FIG. 4 shows a method for operation of an optical imaging system, including image error correction, in the form of a schematic flowchart. As can be seen from FIG. 4, the imaging errors of an optical imaging system are measured in a first step 20 by means of a suitable measuring apparatus according to the invention, such as one of those shown in FIGS. 1 to 3. In a next step 21, the time-resolved and position-resolved imaging error information that is sought is determined from the radiation information which was recorded by the measurement process and is indicative of imaging errors, and is stored such that it can be called up.

In the case of the intended use of the optical imaging system for normal imaging operation, the stored imaging error information is then called up and is used to derive error correction information, which is used for open-loop or closed-loop control of the imaging behavior on one or more imaging-active components (whose imaging behavior can be varied in a controllable manner) of the optical imaging system, in such a way that the imaging errors that occur are entirely or partially compensated for, in particular including the fluctuations in the imaging behavior (step 22) caused by the “lens-heating” effect. In the case of a projection objective used in a microlithography scanner, for example, it is thus possible to carry out permanent readjustment, inter alia of z-manipulators, for correction of spherical aberration during wafer exposure, on the assumption that the aberration is caused by the heating effect and fluctuates over time in a corresponding manner.

As an alternative to the procedure described above of deriving the error correction information from the stored imaging error information at a time at which it is required for open-loop or closed-loop control of correction of the imaging system 1, it is also possible for the error correction information to be derived from the imaging error information obtained by the evaluation of the radiation information which is indicative of imaging errors, and for this information to be stored until it is required for imaging error correction during imaging operation.

So far embodiments have been described with respect to FIGS. 1 to 3 in which the measurement radiation and the heating irradiation is provided by a common illumination source, the heating irradiation being generated by using the heating irradiation pattern which is preferably provided together with the measurement pattern on a single mask. The measurement radiation and the heating irradiation are thus both directed along the longitudinal direction of the system, i.e. the direction of the optical system axis, passing the optical imaging system to be measured from its object side to its image side. Various alternative embodiments of the measuring apparatus of the invention are also possible, and FIGS. 5 to 8 show some illustrative examples. For convenience sake the same reference numbers are used in FIGS. 5 to 8 as in FIGS. 1 to 3 for identical or functionally equivalent elements and a repeated explanation thereof is avoided here.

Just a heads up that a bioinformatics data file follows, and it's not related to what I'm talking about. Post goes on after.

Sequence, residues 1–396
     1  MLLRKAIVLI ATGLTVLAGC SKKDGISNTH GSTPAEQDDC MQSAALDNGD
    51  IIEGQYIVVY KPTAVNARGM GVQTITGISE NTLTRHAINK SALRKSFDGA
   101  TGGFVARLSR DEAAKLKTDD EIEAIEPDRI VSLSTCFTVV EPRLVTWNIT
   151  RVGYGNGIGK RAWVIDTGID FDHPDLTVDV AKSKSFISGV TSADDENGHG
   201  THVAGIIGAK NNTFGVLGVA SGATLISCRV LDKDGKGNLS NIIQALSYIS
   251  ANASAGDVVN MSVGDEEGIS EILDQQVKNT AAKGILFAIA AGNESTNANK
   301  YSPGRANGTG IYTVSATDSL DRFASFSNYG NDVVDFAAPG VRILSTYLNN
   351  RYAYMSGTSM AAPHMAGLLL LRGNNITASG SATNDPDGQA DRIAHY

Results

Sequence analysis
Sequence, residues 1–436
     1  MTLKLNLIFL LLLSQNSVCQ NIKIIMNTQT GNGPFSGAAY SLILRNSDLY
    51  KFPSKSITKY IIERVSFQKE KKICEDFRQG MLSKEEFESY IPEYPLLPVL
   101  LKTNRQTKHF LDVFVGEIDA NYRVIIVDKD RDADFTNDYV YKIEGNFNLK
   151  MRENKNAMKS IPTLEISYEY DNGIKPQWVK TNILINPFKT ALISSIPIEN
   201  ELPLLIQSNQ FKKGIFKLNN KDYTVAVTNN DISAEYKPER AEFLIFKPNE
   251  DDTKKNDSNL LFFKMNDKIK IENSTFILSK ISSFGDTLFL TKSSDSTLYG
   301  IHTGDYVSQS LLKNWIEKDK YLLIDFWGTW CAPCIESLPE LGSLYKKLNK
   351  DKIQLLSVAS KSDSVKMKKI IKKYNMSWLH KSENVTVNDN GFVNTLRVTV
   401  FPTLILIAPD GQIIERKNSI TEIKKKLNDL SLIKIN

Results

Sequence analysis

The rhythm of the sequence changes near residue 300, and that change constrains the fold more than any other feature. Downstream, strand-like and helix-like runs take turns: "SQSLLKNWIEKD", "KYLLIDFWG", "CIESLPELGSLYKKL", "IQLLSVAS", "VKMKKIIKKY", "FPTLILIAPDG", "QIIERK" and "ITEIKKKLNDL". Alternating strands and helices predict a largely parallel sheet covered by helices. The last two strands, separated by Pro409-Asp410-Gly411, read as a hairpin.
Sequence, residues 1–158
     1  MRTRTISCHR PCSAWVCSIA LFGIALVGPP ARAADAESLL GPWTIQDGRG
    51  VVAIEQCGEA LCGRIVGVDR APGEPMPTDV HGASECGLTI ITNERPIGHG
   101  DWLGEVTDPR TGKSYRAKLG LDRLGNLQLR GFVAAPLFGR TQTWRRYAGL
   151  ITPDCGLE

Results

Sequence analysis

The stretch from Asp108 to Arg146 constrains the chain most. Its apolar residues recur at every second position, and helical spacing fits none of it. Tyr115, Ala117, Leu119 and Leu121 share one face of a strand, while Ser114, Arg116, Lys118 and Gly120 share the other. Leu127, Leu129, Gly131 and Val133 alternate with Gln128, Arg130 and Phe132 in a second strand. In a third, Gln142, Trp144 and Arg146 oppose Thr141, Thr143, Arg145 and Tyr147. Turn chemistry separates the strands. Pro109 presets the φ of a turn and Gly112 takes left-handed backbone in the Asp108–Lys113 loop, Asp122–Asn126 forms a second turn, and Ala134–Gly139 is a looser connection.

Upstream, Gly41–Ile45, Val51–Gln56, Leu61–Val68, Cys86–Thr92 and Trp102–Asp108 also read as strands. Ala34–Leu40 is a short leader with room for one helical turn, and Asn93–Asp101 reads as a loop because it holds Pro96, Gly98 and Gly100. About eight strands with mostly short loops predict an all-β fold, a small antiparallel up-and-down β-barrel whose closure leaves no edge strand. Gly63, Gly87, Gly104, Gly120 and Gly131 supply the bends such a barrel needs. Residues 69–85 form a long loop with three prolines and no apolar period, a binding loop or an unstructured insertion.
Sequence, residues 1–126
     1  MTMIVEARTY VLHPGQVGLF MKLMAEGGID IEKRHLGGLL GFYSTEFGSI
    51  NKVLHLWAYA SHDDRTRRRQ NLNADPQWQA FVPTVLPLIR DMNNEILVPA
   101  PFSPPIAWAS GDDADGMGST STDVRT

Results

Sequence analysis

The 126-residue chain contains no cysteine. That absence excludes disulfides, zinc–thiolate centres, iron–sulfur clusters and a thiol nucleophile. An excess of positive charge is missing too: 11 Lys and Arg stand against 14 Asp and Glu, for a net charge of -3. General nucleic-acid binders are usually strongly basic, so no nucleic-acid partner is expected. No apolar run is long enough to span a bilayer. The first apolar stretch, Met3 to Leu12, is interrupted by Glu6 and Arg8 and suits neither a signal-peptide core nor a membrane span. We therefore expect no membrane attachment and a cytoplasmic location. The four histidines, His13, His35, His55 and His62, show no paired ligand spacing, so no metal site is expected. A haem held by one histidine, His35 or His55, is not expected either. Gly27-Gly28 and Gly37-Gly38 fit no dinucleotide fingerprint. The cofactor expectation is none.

As a feature common to the embodiments of FIGS. 5 to 8 the heating irradiation arrangement comprises a beam-shaping assembly 30 configured to generate a heating irradiation beam 31 which, in the measurement operation, properly simulates the lens-heating effect of the useful pattern used in the normal imaging operation. In other words, the heating irradiation beam-shaping assembly 30 fully replaces the function of the heating irradiation pattern used in the embodiments of FIGS. 1 to 3. To this end the beam-shaping assembly 30 is designed to adjust the heat irradiation beam 31 accordingly, in particular with respect to angle distribution and thus spatial coherence as well as field-dependent intensity of the beam rays, so that the heating effect of the heating irradiation beam 31 in the measurement operation equals, within the predetermined tolerance range, the heating effect of the imaging radiation provided by the useful pattern in the normal imaging operation of the imaging system 1. This may include to monitor in advance a typical angular distribution and field-dependent intensity of any useful patterns used in the normal imaging operation and adjust the beam-shaping assembly 30 to simulate the same heating effect caused by this imaging radiation on the imaging system 1 by providing the heating irradiation beam 31 with quite the same angle distribution and field-dependent intensity of the beam rays. It is thus sufficient in these embodiments that the mask 5 comprises the measurement pattern 6 to generate the measuring radiation 3 b.

The heating irradiation beam-shaping assembly 30 may substantially be of a conventional illumination source construction, while including specific beam-shaping elements such as a heating irradiation diaphragm 30 a placed in an object plane and a variable light-transmitting element 30 b placed in a pupil plane of an objective part of the beam-shaping assembly 30 to appropriately adjust the angle distribution and the field-dependent intensity of the beam rays. Any conventional beam-forming means can be used in the beam-forming assembly 30 e.g. for the elements 30 a and 30 b, such as hologram elements, diaphragms, diffractive optical elements, filter elements, mirror arrays and/or moveable mirrors.